De Blasio Sworn In as New NYC Mayor
Bill de Blasio, whose fiery populism propelled his rise from obscure neighborhood official to the 109th mayor of New York, was sworn into office on Wednesday, pledging that his ambition for a more humane and equal metropolis would remain undimmed.
In his inaugural address, Mayor de Blasio described social inequality as a “quiet crisis” on a par with the other urban cataclysms of the city’s last half-century, from fiscal collapse to crime waves to terrorist attacks, and said income disparity was a struggle no less urgent to confront.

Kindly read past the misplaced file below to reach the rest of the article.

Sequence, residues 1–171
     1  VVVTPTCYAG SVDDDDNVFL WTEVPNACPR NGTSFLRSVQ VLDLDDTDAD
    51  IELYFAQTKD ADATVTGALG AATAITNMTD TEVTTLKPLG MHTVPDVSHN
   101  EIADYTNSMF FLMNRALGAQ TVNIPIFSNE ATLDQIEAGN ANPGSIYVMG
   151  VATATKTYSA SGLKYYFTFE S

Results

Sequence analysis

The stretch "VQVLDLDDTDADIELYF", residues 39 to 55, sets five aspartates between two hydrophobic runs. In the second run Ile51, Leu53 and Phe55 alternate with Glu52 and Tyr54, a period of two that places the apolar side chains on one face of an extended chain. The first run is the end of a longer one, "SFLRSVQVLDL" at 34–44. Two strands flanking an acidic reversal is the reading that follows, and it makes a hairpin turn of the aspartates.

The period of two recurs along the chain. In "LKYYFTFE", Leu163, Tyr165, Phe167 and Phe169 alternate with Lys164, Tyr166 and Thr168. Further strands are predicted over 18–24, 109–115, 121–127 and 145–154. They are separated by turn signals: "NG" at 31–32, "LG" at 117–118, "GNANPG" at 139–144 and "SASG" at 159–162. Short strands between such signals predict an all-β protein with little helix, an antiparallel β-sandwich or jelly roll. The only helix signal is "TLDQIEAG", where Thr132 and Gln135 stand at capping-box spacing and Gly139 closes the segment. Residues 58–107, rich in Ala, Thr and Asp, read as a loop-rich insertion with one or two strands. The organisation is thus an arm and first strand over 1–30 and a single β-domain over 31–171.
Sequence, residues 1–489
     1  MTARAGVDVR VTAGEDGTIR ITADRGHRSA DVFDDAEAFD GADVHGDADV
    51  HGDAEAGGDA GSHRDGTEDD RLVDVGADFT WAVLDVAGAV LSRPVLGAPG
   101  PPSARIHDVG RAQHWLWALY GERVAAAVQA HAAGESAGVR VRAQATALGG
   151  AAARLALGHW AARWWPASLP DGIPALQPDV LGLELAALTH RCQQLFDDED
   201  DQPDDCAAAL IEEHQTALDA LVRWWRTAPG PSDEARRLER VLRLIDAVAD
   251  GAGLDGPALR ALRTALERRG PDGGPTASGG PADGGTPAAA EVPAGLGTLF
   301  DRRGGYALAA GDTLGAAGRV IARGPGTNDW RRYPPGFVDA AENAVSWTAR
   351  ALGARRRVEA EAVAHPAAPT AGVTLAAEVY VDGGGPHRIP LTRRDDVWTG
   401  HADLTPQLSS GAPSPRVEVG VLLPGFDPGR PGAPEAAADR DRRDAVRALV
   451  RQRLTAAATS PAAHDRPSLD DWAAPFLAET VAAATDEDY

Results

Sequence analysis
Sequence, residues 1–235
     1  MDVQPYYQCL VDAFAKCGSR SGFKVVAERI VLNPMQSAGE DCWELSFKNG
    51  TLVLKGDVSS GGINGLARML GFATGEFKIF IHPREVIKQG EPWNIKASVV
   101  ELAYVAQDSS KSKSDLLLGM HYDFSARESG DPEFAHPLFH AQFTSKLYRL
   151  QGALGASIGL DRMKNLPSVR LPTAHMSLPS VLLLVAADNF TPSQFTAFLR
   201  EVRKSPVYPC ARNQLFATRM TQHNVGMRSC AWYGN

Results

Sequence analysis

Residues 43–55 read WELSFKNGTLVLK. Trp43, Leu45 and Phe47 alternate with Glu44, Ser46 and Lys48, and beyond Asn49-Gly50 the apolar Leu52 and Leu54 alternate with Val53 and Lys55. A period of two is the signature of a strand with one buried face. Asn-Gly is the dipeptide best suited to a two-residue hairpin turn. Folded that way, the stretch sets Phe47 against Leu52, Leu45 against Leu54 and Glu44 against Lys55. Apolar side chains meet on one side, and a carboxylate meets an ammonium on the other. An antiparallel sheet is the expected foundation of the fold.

“We are called to put an end to economic and social inequalities that threaten to unravel the city we love,” he said to about 5,000 people at the ceremony, many beneath blankets on a numbingly cold day.
Mr. de Blasio, 52, the first liberal to lead City Hall in two decades, delivered his critiques as his predecessor, Michael R. Bloomberg, whose Wall Street pedigree and business-first approach to governance seemed to embody the city’s current gilded era, sat unsmiling a few feet away.
It was only one of many potent symbols of change that dominated a ceremony unlike many before it.
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